Relationships are a huge part of it.
In 1913, James Ghilotti left Italy to find "la fortuna" in America. A stonemason by trade, he settled in San Rafael, in the San Francisco Bay area, and established a small construction company. James' son Mario and his four brothers joined the family business as soon as they came back from serving in World War II. When James retired in 1950, his sons took over and gave the company its current name: Ghilotti Bros.
Although they'd been taking on larger earthmoving and construction jobs, the Ghilotti brothers realized that hard work and high standards would only get them so far; they needed machines. In 1952 they took out a bank loan to buy seven pieces of heavy equipment from a Navy auction. The investment paid off – and the family has had "yellow fever" ever since.
Today, Ghilotti Bros. is run by Mario's sons Mike and Dante. Mario and his wife Eva are still actively involved in a fulltime capacity. With the Bay area being so developed, the company has shifted its focus from earthmoving to demolition and infrastructure development: highways, airports, paving. It constructs over $100 million a year and runs a fleet of over 200 pieces of yellow iron, 75 percent of it less than four years old. Like their dad and uncles, the younger Ghilotti brothers pride themselves on maintaining the most up-to-date fleet of late model equipment possible.
Ever since Ritchie Bros. came to California in the mid-1980s, the Ghilottis have relied on the auction company to help them manage their fleet efficiently and cost-effectively. For the past 15 years, Ghilotti Bros. has sold equipment almost exclusively through Ritchie Bros. auctions – up to two million dollars worth each year.
"The best way to update your fleet is to go through Ritchie Bros.," explains Dante. "They are so far in front of any other auctioneer; they are so professional and consistent, and their reach is so wide and so deep. That gives you a certain level of comfort. I know that if someone, somewhere in the world is looking for a type of equipment that I'm selling, they will know about it and they will have the opportunity to buy it if I put it in a Ritchie Bros. auction. When I sell through Ritchie Bros., I know that the price I get is the true value of the machine."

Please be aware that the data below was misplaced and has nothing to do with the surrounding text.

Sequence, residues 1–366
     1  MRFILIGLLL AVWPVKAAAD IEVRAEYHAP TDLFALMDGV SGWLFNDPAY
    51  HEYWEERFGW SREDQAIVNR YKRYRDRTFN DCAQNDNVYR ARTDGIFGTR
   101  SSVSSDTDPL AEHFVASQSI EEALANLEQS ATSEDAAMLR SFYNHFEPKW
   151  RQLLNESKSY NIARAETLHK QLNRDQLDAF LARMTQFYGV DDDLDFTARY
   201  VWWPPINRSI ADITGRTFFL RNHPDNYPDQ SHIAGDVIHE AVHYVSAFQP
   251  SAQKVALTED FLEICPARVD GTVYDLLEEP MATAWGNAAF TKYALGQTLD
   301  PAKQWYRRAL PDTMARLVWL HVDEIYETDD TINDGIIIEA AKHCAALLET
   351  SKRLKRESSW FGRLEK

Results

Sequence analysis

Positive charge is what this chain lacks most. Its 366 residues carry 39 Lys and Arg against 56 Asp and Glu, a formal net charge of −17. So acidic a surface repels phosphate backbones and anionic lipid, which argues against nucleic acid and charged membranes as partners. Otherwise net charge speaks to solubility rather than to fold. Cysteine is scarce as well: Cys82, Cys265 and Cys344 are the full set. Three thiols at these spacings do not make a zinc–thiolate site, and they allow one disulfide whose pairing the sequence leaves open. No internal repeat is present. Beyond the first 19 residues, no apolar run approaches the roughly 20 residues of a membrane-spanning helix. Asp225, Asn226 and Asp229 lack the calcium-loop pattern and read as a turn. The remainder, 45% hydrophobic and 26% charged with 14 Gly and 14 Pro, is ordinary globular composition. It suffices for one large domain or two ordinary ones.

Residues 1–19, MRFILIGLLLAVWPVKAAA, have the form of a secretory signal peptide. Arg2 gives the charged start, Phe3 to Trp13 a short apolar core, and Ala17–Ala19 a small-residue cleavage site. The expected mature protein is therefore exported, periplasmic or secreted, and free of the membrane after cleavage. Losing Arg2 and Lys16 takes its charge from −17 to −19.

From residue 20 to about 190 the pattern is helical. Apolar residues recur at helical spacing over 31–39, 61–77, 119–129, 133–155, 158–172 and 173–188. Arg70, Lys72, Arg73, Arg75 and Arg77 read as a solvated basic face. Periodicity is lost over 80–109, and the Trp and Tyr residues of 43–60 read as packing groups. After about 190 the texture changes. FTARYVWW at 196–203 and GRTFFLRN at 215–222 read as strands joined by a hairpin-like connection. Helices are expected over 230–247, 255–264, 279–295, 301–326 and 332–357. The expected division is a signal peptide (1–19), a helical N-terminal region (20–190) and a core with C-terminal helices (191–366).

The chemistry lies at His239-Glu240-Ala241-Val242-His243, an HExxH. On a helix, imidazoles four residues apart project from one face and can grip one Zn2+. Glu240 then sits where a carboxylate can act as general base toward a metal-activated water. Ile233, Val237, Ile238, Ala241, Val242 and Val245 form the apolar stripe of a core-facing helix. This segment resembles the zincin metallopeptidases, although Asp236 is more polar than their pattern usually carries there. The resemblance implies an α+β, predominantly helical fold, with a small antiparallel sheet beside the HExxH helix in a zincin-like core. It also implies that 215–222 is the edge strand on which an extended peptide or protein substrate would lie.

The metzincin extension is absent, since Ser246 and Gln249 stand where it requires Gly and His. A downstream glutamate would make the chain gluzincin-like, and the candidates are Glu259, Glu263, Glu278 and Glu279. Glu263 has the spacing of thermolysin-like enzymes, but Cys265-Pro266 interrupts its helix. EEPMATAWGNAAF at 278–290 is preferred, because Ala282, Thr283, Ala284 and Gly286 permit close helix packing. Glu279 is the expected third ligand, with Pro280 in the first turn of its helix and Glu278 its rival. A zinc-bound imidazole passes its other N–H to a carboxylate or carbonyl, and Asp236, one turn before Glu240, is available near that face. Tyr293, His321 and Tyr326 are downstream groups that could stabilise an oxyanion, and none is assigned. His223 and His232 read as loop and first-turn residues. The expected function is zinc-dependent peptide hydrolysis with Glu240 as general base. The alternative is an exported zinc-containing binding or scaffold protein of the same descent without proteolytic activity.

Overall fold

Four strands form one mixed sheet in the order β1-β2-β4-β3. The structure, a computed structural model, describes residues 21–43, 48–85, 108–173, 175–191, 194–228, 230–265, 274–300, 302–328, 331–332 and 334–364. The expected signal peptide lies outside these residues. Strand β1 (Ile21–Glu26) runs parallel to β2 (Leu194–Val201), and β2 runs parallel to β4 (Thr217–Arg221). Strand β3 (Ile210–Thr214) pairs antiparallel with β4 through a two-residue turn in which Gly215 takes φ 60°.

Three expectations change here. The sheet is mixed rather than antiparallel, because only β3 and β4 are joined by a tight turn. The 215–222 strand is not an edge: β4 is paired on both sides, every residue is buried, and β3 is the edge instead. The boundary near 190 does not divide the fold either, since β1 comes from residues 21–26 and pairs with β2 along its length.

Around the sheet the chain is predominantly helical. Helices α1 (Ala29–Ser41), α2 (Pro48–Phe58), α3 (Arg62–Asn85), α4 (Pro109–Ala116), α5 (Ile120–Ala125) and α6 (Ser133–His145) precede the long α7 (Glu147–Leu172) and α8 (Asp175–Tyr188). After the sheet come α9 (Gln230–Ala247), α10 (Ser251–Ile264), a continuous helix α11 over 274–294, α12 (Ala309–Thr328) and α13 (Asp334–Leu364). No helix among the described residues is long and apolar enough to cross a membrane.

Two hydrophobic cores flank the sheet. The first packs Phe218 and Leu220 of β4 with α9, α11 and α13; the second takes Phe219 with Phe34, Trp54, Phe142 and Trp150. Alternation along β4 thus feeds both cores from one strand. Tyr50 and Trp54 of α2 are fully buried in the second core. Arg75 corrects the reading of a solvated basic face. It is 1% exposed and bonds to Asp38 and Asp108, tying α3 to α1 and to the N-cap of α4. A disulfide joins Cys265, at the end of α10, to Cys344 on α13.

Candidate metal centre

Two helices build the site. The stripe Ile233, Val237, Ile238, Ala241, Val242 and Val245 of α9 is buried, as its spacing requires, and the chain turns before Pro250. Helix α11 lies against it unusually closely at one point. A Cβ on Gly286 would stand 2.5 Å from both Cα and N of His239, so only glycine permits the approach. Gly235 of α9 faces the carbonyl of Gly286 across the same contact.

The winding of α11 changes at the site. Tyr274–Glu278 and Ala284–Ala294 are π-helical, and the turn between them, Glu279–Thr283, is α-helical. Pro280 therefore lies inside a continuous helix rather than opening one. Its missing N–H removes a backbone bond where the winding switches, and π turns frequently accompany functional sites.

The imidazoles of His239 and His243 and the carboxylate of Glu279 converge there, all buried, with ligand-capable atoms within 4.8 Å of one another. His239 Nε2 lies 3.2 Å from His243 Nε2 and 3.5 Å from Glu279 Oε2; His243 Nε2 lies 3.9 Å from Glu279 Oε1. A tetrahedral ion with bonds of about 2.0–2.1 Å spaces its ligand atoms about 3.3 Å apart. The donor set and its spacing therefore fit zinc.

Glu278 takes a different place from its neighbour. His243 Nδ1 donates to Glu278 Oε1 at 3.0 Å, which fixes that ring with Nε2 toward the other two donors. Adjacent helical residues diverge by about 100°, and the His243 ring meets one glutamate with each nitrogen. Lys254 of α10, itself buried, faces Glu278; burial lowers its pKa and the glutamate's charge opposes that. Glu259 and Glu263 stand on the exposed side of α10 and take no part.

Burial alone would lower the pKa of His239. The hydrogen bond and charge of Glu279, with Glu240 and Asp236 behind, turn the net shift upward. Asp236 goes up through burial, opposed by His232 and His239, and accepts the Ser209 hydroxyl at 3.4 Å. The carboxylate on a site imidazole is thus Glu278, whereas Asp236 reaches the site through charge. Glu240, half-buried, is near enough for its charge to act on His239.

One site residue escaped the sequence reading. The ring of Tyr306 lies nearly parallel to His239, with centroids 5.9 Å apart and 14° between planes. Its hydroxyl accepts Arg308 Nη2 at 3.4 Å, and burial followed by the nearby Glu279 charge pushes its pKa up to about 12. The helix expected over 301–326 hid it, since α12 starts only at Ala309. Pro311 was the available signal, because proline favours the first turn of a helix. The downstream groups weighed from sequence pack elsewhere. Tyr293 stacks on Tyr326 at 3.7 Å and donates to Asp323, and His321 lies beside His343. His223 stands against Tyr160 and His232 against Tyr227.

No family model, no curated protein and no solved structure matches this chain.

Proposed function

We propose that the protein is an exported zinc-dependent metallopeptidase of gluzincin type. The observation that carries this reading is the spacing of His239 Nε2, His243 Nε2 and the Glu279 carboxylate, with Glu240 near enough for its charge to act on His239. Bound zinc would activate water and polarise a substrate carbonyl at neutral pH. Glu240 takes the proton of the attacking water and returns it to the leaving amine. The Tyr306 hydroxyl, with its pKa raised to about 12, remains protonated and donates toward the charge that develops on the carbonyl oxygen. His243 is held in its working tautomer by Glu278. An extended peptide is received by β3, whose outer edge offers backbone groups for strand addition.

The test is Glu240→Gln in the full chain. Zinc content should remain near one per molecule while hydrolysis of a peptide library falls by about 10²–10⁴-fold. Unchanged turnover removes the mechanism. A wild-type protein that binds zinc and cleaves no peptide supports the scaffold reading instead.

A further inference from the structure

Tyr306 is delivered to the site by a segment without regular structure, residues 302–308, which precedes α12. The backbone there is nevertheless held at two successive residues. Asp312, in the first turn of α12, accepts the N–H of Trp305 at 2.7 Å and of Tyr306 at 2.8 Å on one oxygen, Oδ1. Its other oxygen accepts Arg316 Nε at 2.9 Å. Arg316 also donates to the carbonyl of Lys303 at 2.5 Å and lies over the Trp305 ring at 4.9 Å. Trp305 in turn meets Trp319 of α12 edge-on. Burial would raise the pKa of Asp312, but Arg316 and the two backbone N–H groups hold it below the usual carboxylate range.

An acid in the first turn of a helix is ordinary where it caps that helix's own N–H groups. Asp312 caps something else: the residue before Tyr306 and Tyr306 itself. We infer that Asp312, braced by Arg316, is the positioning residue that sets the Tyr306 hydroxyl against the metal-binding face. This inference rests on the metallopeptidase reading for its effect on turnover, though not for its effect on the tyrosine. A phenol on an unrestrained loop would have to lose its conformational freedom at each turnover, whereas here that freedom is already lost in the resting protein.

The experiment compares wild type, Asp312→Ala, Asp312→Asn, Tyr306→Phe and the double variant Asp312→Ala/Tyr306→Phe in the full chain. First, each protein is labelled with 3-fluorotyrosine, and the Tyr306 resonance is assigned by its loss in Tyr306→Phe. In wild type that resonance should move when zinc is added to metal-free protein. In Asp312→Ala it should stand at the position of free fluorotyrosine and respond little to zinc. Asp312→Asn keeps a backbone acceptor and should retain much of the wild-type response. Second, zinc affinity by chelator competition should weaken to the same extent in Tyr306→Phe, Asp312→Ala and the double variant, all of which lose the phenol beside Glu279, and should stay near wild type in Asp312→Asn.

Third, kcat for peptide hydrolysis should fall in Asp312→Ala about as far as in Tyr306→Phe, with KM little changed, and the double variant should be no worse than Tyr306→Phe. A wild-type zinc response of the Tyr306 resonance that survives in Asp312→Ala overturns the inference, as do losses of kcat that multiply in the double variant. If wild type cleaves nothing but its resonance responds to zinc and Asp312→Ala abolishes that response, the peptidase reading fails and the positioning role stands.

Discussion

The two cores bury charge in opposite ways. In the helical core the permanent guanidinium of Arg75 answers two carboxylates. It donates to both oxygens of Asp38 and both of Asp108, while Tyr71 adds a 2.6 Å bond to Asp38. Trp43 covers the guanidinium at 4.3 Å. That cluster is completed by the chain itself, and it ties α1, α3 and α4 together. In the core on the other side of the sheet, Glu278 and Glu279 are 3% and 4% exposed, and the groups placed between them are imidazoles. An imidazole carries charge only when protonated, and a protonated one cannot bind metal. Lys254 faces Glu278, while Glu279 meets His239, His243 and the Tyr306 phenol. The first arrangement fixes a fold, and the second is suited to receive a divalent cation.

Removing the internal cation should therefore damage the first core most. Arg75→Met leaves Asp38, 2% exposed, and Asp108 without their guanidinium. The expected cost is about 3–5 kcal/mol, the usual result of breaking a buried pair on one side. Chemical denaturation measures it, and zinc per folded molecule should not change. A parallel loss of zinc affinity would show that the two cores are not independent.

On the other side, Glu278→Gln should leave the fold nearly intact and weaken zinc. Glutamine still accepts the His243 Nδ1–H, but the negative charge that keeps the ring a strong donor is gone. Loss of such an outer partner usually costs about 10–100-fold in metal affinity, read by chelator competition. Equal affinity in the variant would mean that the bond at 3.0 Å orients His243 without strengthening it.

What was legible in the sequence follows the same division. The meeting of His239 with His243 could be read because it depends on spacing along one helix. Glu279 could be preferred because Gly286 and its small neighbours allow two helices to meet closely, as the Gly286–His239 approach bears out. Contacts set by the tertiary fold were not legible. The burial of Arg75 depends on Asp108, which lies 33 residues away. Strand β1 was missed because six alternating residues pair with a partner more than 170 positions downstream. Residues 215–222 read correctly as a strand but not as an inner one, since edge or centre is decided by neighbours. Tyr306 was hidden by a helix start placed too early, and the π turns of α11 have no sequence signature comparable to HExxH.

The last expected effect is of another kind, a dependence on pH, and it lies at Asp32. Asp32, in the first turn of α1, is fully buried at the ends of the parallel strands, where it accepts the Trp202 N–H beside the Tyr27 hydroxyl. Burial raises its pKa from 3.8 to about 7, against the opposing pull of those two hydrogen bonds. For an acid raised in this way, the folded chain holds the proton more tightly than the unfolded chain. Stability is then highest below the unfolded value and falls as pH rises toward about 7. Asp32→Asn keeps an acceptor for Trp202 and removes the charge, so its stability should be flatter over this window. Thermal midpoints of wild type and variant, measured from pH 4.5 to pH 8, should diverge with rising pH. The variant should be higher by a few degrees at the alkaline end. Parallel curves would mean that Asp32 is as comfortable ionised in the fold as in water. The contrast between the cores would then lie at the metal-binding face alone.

To keep their fleet current, the Ghilottis have also purchased millions of dollars of unused and late model equipment from Ritchie Bros. auctions across the U.S. – sometimes bidding online, but most often in person. "The auctions are great events," says Dante. "I enjoy the excitement and you meet great people. But I also like to see the equipment for myself. Unless it has extremely low hours, I've got to touch it before I buy it. Every machine is slightly different, unique."
But the family's loyalty to Ritchie Bros. has as much to do with people as it does with equipment.
"Relationships are a huge part of it," says Dante. "The integrity of Ritchie Bros. is 100 percent, all the way up the ladder. They do everything possible for their customers, no matter how much they're selling. I've seen the president of Ritchie Bros. catching bids on a $100 bucket late on auction day. They make just as much effort for that $100 bucket as they do for a $100,000 excavator."
Relationships are also a big part of Ghilotti Bros. itself – as they always have been.
"My dad has been doing this for 65 years; his experience and knowledge is a tremendous resource. He'll say, ‘I've paved this street three times!'" laughs Dante. "It's a great blessing to come to work every day and see your mom, dad and brother. We're carrying on a great family tradition."
Written and published: 2008